The Economic Loss Rule provides that any party who only suffers from economic harm may only recover under a contractual claim, not under tort recovery, as torts traditionally only cover issues related to personal injury and/or property damage.
Regardless, parties who feel that they have been harmed in a business-related dispute will still often seek to bring negligence claims against businesses from time to time. While the Eleventh Circuit (which includes Alabama) recently upheld the Economic Loss Rule, it is important to be aware of this in drafting, negotiating, and reviewing contracts for use with clients, customers, and vendors.
What It Is
The Economic Loss Rule reflects early contract law and the fundamental concept that any claim for damages in contracts is limited to what was or should have been contemplated by the parties at the time of contracting. In other words, in a contractual relationship, the rule prevents one party from bringing a negligence claim against the other simply due to defeated expectations. Of course, there is an exception when personal injury or injury to property is involved, which opens up the door to tort-related claims. For example, under circumstances in which a product does not work, but also does not cause harm to anyone or property damage, the Economic Loss Rule would apply; i.e. the plaintiff can sue for breach of contract, but not under any product liability action. However, if that product does cause injury, the injured party can bring a product liability claim against the manufacturer.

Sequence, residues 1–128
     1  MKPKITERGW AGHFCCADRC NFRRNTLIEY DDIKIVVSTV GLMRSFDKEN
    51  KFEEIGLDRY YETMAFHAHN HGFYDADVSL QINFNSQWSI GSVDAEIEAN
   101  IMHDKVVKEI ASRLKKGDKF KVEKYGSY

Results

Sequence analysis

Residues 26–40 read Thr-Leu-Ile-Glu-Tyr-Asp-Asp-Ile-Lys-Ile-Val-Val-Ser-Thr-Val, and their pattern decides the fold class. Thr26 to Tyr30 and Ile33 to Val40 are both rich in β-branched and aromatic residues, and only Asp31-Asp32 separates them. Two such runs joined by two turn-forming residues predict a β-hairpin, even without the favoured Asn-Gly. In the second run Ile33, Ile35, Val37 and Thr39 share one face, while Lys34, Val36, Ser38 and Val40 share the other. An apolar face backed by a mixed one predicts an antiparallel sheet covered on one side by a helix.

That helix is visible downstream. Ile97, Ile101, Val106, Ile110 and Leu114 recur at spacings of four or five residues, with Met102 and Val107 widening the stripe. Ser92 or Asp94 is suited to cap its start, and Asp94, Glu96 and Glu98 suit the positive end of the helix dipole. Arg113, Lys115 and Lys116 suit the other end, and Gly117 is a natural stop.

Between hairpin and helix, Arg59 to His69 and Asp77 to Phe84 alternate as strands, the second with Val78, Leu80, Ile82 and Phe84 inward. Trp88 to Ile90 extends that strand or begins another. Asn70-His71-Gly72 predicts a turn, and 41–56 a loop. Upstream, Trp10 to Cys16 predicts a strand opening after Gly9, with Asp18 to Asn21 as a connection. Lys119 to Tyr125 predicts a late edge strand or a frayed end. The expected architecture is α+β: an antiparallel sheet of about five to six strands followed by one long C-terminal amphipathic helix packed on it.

While this may sound simple, in fact, it is still a source of litigation, and has been shaped over time: For example, in 2013, a decision that came out of the Florida Supreme Court (in response to a question posed by the Eleventh Circuit) limited the application of the rule to circumstances whereby the parties were not in privity with each other; in other words, while the historical application of the rule only allowed a tort claim where there was no contractual relationship, this decision resulted in completely barring any product liability claims for parties who had an existing contractual relationship.
Most recently, the Eleventh Circuit affirmed the Economic Loss Rule by preventing a plaintiff from filing a negligence claim against a manufacturer. The negligence claim was brought against an electronics manufacturer by a radiologist claiming that the company had been negligent because the radiologist’s MRI scanner was out of date. The radiologist claimed that the machine failed to work due to negligent repairs, however, the contract that existed between the radiologist and the manufacturer featured a servicing date that had long expired before the claim was even filed. The court dismissed the claim, as this was clearly a contract claim attempting to be recast as a negligence claim.
Draft Contracts Strategically With Experienced Attorneys
While the courts have been clear, throughout time, that the Economic Loss Rule prevents recasting contract claims as negligence claims, in order to avoid going to court in the first place, it behooves businesses to spell these terms out in contracts with clients, customers, and vendors, so as to save themselves litigation expenses, even if that litigation simply involves filing a motion to dismiss an improperly-filed claim for negligence.
At Cloud Willis & Ellis, our experienced Birmingham Business litigation attorneys can assist you with all aspects of providing counsel and guidance in navigating simple and complex contracting situations. Contact us today to set up a consultation.